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Fundamentals and Optimal Institutions: The case of US sports leagues


  • Martín González Eiras

    () (University of Copenhagen)

  • Nikolaj A. Harmon

    () (University of Copenhagen)

  • Martín Rossi

    () (Department of Economics, Universidad de San Andres)


To shed light on the relation between fundamentals and adopted institutions we examine institutional choice across the \Big Four" US sports leagues. Despite having very similar business models and facing the same economic and legal environment, these leagues exhibit large differences in their use of regulatory institutions such as revenue sharing, salary caps or luxury taxes. We show, theoretically and empirically, that these institutional di erences can be rationalized as optimal responses to di erences in the fundamental characteristics of the sports being played. This provides a cautionary tale against trying to transplant successful institutions across different economic settings.

Suggested Citation

  • Martín González Eiras & Nikolaj A. Harmon & Martín Rossi, 2017. "Fundamentals and Optimal Institutions: The case of US sports leagues," Working Papers 128, Universidad de San Andres, Departamento de Economia, revised Jan 2017.
  • Handle: RePEc:sad:wpaper:128

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    References listed on IDEAS

    1. Wladimir Andreff & Stefan Szymanski (ed.), 2006. "Handbook on the Economics of Sport," Books, Edward Elgar Publishing, number 3274.
    2. Bizzozero, Paolo & Flepp, Raphael & Franck, Egon, 2016. "The importance of suspense and surprise in entertainment demand: Evidence from Wimbledon," Journal of Economic Behavior & Organization, Elsevier, vol. 130(C), pages 47-63.
    3. Aronow, Peter M. & Samii, Cyrus & Assenova, Valentina A., 2015. "Cluster–Robust Variance Estimation for Dyadic Data," Political Analysis, Cambridge University Press, vol. 23(04), pages 564-577, September.
    4. Sonia Falconieri & Frédéric Palomino & József Sákovics, 2004. "Collective Versus Individual Sale of Television Rights in League Sports," Journal of the European Economic Association, MIT Press, vol. 2(5), pages 833-862, September.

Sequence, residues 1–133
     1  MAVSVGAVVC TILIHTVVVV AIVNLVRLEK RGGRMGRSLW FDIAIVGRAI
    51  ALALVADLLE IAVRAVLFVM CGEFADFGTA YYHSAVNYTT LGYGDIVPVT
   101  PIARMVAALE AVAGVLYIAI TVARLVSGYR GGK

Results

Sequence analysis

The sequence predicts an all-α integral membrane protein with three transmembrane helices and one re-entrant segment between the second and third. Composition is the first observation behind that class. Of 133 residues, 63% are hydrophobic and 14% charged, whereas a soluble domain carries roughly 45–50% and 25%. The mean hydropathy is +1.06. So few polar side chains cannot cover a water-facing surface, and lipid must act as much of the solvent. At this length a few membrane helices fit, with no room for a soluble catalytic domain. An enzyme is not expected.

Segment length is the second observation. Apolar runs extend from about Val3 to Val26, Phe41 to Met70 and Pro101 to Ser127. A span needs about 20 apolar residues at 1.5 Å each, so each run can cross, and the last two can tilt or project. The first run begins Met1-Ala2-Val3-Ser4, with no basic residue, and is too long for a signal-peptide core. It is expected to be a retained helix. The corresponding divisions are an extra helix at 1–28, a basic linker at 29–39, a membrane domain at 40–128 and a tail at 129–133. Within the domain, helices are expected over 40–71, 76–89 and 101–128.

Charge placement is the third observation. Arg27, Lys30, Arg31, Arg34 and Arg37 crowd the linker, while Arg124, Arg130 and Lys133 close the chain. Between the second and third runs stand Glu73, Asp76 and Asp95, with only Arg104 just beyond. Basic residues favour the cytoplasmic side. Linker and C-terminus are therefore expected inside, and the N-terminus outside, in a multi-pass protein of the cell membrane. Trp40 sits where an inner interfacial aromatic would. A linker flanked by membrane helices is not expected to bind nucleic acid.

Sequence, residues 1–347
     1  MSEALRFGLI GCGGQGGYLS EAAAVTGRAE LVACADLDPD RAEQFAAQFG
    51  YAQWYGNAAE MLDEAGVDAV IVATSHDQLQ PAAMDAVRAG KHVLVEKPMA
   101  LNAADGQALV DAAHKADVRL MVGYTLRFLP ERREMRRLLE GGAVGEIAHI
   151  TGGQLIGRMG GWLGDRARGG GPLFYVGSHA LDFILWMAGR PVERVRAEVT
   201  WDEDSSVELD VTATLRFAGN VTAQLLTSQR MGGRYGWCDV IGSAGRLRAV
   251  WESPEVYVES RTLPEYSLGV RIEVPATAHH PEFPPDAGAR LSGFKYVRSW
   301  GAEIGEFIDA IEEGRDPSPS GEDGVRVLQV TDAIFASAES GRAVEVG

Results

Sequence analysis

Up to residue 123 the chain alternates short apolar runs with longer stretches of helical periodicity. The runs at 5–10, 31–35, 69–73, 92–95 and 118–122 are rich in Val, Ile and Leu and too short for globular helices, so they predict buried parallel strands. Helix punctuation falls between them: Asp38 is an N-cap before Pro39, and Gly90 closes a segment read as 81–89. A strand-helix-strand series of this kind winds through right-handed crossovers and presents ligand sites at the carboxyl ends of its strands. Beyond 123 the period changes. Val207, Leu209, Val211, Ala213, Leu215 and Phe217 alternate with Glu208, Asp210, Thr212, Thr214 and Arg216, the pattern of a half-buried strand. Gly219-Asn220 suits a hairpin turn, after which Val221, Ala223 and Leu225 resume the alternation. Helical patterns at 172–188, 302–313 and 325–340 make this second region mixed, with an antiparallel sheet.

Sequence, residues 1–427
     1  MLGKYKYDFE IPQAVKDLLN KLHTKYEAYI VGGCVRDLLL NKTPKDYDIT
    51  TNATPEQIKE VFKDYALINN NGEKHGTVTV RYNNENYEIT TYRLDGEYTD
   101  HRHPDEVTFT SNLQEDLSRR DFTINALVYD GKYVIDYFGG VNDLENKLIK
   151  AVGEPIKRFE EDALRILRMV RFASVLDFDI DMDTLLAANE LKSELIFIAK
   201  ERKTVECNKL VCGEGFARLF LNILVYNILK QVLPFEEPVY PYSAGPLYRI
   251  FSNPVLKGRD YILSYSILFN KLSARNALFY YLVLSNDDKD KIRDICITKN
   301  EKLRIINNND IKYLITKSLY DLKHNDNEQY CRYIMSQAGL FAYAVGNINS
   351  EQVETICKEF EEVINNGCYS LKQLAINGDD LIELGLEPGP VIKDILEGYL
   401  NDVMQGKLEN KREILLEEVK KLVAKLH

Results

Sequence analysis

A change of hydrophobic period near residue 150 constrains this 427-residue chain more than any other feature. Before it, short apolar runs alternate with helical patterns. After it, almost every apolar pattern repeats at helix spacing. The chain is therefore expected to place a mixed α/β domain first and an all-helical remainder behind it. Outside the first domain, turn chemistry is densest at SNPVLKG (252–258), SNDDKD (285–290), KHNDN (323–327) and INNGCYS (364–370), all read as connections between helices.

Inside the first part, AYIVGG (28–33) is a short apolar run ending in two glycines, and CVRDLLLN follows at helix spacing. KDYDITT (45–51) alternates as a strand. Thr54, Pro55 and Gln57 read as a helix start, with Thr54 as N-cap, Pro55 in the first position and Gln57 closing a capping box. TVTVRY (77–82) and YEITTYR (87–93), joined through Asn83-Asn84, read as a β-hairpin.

5. Helmut M. Dietl & Markus Lang & Stephan Werner, 2010. "The Effect of Luxury Taxes on Competitive Balance, Club Profits, and Social Welfare in Sports Leagues," International Journal of Sport Finance, Fitness Information Technology, vol. 5(1), pages 41-51, February.
    6. Wladimir Andreff & Stefan Szymanski, 2006. "Handbook on the Economics of Sport," Université Paris1 Panthéon-Sorbonne (Post-Print and Working Papers) halshs-00270122, HAL.
    7. El-Hodiri, Mohamed & Quirk, James, 1971. "An Economic Model of a Professional Sports League," Journal of Political Economy, University of Chicago Press, vol. 79(6), pages 1302-1319, Nov.-Dec..
    8. repec:hal:journl:halshs-00270122 is not listed on IDEAS
    9. Martín Rossi & Christian Ruzzier, 2015. "Career Choices and the Evolution of the College Gender Gap," Working Papers 120, Universidad de San Andres, Departamento de Economia, revised Mar 2015.
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    More about this item


    regulations; institutional choice; sport economics; win probability;

    JEL classification:

    • D02 - Microeconomics - - General - - - Institutions: Design, Formation, Operations, and Impact
    • L10 - Industrial Organization - - Market Structure, Firm Strategy, and Market Performance - - - General
    • L83 - Industrial Organization - - Industry Studies: Services - - - Sports; Gambling; Restaurants; Recreation; Tourism
    • O17 - Economic Development, Innovation, Technological Change, and Growth - - Economic Development - - - Formal and Informal Sectors; Shadow Economy; Institutional Arrangements

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